Call for Access and Benefit Sharing of Rhamnus prinoides (Gesho)
Genetic Resource Access and Benefit Sharing Directorate
Ethiopian Biodiversity Institute
Call for Access and Benefit Sharing of Rhamnus prinoides (Gesho)
Taye Birhanu Belay
Rhamnus prinoides (Gesho)
Rhamnus prinoides L’Herit, common name dogwood, Amharic name Gesho, family Rhamnaceae, is a widespread plant species in East, Central and South African countries. It is a native plant to Ethiopia, Botswana, Eritrea, Lesotho, Namibia, South Africa, Swaziland, Uganda and exotic to Kenya. It also occurs in Cameroon, Sudan and Angola. The African dogwood, R. prinoides (Rhamnaceae) is a dense shrub or a tree that grows up to 6 m high (Berhanu Abegaz and Teshome Kebede, 1995; Hailemichael Alemu et al., 2007; Afewerk Gebre and Chandravanshi, 2012).
Rhamnus prinoides is a shrub or tree to 6 m, unarmed; branchlets sparsely crisped pubescent. Leaves alternate, glabrous but for scattered appressed hairs on midrib; petiole 3-17 mm, sparsely pubescent; stipules falling off quickly; lamina ovate, elliptic or oblong, 3-12.5 x 1.5-4.5 cm, glandular serrulate; apex acuminate to acute; base cuneate to rounded. Flowers yellowish green, solitary or in 2-5flowered axillary fascicles; pedicels 5-15(-20 in fruit) mm, sparsely pubescent, drooping in fruit. Receptacle puberulous. Sepals 5, acute, 2 mm long; petals usually absent or 1 mm long; filaments 1 mm; ovary 3(-4)-locular, style 1 mm. Fruit subglobose, 5-8 mm in diameter, turning through red to blackish purple; stones obconic (Hedberg and Edwards, 1989).
Rhamnus is found in upland forest (usually on edges or in clearings and former cultivations), riverine forest, secondary forest and scrub, also widely planted in hedges and gardens (Hedberg and Edwards, 1989).
The Gesho plant (R. prinoides), which is different from hop (Humulus lupulus) is widely cultivated in Ethiopia and is available dried in the local market (Haimanot, 2011). Leaves and stems are good sources of a healthy diet; and they are not exposure routes to some metal contaminations under the current existing situation (Nagari and Alemayehu, 2013). The leaves and stems of this plant are used to impart the characteristic bitter flavour to domestically brewed beverages known as ‘Tella’ and ‘Tej’ and it is estimated that well over 5 million people consume these beverages daily (Berhanu Abegaz and Teshome Kebede, 1995).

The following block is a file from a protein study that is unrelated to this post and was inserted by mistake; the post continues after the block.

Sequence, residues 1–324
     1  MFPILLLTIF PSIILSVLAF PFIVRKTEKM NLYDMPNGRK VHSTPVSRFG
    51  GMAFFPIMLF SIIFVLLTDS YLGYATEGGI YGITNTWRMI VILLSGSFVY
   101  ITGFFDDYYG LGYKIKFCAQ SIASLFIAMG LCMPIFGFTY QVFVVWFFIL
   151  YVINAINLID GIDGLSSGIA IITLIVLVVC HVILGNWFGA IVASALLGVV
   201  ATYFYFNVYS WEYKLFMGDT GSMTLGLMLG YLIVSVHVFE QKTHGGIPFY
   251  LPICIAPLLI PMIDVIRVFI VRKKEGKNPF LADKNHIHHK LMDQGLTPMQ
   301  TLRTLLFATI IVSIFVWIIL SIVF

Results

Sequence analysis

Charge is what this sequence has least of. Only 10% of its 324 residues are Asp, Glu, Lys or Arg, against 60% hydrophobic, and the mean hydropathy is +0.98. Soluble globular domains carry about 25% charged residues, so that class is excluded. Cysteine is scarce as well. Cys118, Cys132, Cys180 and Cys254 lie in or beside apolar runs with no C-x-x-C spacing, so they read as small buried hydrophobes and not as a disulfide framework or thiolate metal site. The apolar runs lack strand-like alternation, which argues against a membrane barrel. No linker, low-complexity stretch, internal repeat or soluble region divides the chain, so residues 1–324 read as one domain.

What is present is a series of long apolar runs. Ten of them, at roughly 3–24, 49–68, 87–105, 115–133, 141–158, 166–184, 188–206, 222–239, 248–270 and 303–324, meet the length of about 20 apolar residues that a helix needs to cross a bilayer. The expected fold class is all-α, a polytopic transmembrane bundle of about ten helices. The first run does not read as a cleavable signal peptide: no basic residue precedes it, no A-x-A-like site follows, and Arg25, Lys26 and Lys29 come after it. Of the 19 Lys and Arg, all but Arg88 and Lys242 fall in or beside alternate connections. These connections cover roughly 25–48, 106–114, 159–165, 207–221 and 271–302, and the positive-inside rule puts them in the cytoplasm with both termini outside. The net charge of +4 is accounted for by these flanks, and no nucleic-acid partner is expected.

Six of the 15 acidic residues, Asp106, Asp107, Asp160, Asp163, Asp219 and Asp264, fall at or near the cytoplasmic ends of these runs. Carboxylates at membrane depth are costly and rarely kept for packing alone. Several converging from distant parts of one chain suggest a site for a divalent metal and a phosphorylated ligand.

2. Industrial application
2.1 Natural dye yielding
Leaves of Rhamnus prinoides (Rhamnaceae) is reported potential dye yielding plant and reasonably good dyeing with higher color strength values reflecting in direct affinity to cotton (Abera Kechi et al., 2013).
According to Berhanu Andualem (2014), Rhamnus prinoides can substitute the standard commercial hops for even beers brewed for commercial purpose that the determination of minimum inhibitory concentration (MIC) and minimum bactericidal concentration (MBC) of ‘Gesho’ extract, during ‘Tella’ brewing is found to inhibit bacterial growth and thereby help to extend the shelf-life of the product. Apart from bittering and flavoring properties of hops, they are widely used for their oils and to impart characteristic aroma for beer production (Goldammer, 2000; Tinseth, 1994). In brief, essential oil with the range of 0.5 to 5% and the volatile resins are together responsible for the aroma in hops (Versele and Keukeleire, 1991). One of the raw materials that are widely used as bittering agent in ‘tella’ preparation is Rhamnus prinoides. It is completely different from hops and largely cultivated in Ethiopia and currently available in dried form in the local market with comparable essential oil and volatile resins.